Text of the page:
May 22, 2006

Young defenders among top playmakers

In the previous installment of the "Playmakers" series, we examined the five players considered most likely to ruin the opposition's day and make that of the Red Raiders. And those five players-Robert Johnson, Joel Filani, Keyunta Dawson, Chris Hudler, Jarrett Hicks-are veritable lead-pipe cinches to do just that. Barring injury or other unforeseen obstacles, those young men will constitute the core of Tech's playmaking battalion. They've done the job in the past and will do it in the future, only better and more frequently.

When we move on to the next quintet of playmakers, however, we move into a more speculative realm. The players who are the subjects of this piece all have undeniable potential to grab headlines and star in highlight films, but for one reason or another, they also have question marks-some small, some large-hanging over their heads. But if all of those interrogatives turn into exclamations, then clinch your teeth and fasten your seatbelts because 2006 will be a wild ride.

In the previous installment of the "Playmakers" series, we examined the five players considered most likely to ruin the opposition's day and make that of the Red Raiders. And those five players-Robert Johnson, Joel Filani, Keyunta Dawson, Chris Hudler, Jarrett Hicks-are veritable lead-pipe cinches to do just that. Barring injury or other unforeseen obstacles, those young men will constitute the core of Tech's playmaking battalion. They've done the job in the past and will do it in the future, only better and more frequently.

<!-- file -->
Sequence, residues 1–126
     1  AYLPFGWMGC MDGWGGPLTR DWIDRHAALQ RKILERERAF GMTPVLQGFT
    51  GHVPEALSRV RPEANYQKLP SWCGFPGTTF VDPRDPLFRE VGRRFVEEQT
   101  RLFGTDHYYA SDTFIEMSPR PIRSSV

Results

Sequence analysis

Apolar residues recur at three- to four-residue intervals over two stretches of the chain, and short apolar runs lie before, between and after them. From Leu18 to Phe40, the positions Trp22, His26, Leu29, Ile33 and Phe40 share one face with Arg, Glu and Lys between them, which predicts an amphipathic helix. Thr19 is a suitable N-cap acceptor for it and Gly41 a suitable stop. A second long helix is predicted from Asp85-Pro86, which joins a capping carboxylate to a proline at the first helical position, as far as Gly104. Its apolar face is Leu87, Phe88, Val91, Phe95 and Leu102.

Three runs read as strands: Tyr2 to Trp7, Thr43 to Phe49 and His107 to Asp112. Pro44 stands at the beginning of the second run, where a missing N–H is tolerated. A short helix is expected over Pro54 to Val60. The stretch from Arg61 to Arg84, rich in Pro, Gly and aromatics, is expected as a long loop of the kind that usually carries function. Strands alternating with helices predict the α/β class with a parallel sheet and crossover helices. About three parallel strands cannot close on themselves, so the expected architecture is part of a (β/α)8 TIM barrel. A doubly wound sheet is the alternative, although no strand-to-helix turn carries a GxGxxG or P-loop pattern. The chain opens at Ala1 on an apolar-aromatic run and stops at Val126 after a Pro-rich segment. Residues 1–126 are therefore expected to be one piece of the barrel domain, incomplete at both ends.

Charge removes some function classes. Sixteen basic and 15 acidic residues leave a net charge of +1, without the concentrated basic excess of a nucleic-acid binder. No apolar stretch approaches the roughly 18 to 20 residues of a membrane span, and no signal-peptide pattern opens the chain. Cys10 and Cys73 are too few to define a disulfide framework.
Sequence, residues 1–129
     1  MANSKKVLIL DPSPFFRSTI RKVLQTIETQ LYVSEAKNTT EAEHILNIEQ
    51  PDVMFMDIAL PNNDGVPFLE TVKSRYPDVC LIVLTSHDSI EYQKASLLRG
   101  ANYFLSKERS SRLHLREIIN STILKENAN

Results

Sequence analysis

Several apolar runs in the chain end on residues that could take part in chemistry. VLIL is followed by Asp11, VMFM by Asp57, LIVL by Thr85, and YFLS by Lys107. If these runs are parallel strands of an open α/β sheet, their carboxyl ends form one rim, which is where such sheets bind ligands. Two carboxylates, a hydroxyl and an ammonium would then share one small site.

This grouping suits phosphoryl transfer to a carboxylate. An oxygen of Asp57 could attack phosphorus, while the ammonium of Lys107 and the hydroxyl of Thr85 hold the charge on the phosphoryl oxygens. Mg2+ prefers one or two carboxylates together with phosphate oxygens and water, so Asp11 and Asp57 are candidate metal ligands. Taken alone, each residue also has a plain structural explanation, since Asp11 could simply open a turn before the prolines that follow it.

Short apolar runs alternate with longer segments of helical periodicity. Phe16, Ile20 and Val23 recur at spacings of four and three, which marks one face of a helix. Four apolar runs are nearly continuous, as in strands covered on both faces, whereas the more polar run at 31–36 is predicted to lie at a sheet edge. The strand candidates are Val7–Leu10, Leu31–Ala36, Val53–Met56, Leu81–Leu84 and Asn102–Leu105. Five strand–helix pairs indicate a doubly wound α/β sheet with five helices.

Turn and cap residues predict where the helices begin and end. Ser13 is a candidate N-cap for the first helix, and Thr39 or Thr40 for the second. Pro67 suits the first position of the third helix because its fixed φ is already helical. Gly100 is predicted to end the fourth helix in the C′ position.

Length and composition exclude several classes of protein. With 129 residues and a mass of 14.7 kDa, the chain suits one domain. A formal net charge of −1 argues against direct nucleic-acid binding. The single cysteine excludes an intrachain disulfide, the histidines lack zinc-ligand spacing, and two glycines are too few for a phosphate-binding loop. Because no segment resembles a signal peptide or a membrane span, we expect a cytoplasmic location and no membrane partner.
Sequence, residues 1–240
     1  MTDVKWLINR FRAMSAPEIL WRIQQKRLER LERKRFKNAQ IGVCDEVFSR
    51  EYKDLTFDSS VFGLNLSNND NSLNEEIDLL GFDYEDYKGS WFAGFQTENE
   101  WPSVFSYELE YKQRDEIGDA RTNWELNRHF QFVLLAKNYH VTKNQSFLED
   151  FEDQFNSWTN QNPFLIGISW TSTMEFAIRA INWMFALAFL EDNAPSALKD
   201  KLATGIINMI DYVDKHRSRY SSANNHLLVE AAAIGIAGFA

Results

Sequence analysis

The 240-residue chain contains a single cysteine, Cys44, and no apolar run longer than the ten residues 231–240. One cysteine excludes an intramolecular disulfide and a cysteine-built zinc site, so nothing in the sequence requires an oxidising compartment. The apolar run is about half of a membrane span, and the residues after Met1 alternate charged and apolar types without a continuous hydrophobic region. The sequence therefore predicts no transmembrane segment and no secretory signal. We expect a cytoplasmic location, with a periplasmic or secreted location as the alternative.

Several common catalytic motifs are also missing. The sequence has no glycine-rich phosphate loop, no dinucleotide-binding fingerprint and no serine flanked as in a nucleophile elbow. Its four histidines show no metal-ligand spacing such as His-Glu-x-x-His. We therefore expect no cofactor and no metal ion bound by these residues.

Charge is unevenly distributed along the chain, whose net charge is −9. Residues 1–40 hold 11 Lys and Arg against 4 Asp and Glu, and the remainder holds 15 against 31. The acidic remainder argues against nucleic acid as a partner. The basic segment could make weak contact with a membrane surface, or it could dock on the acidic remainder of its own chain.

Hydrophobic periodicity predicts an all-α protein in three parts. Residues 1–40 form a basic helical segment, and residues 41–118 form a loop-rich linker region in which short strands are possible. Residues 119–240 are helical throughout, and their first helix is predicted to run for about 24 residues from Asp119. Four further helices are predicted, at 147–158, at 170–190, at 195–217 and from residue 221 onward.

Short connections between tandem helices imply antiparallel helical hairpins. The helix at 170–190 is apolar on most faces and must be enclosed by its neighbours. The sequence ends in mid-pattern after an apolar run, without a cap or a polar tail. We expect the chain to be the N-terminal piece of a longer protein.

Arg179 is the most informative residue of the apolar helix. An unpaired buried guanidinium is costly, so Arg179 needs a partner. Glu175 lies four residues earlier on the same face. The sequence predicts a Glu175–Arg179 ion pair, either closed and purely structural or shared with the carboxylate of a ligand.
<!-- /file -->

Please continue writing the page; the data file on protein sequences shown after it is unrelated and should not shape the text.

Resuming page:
When we move on to the next quintet of playmakers, however, we move into a more speculative realm. The players who are the subjects of this piece all have undeniable potential to grab headlines and star in highlight films, but for one reason or another, they also have question marks-some small, some large-hanging over their heads. But if all of those interrogatives turn into exclamations, then clinch your teeth and fasten your seatbelts because 2006 will be a wild ride.

1. Graham Harrell: For Mike Leach's ozone show to function at its high-wire thrilling best, it helps a great deal to have a playmaker pulling the trigger (just to mix about eight metaphors). Fortunately for the Red Raiders, Tech would seem to have just such a man in sophomore, Graham Harrell. Now while it is true that he is engaged in a dogfight with Christ Todd for the starting quarterback position, there is not too much reason to believe Harrell won't come out on top. His accuracy is as good as any Tech quarterback seen during Leach's tenure; his arm is better than Kliff Kingsbury and Cody Hodges'; his leadership skills are better than Harrell's four predecessors, and his football smarts are unsurpassed, so to speak. Harrell also has a set of receivers that could be the best in school history. All he needs is game-time seasoning in order to emerge as an elite quarterback and a first-class playmaker.

2. Jake Ratliff: The hosannas have sounded loudly and clearly for backup defensive tackle, Jake Ratliff, and they were based almost exclusively upon his impressive spring performance. Now it's time for the 6' 6" rodeo cowboy from Lawton, Oklahoma to take the bull by the horns and kick up a little dust when it counts most. Ratliff sure has most of the tools to do just that. He's quick, tough, tenacious, and doesn't take plays off. He also has developed into a pass-rushing specialist who should team with Chris Hudler to form a chaotic tandem in the middle on passing downs. The two should feed off of one another and make a meal of quarterbacks as a result. Ratliff is still a bit thin, however, and this will probably prevent him from seeing the field on a down-to-down basis.

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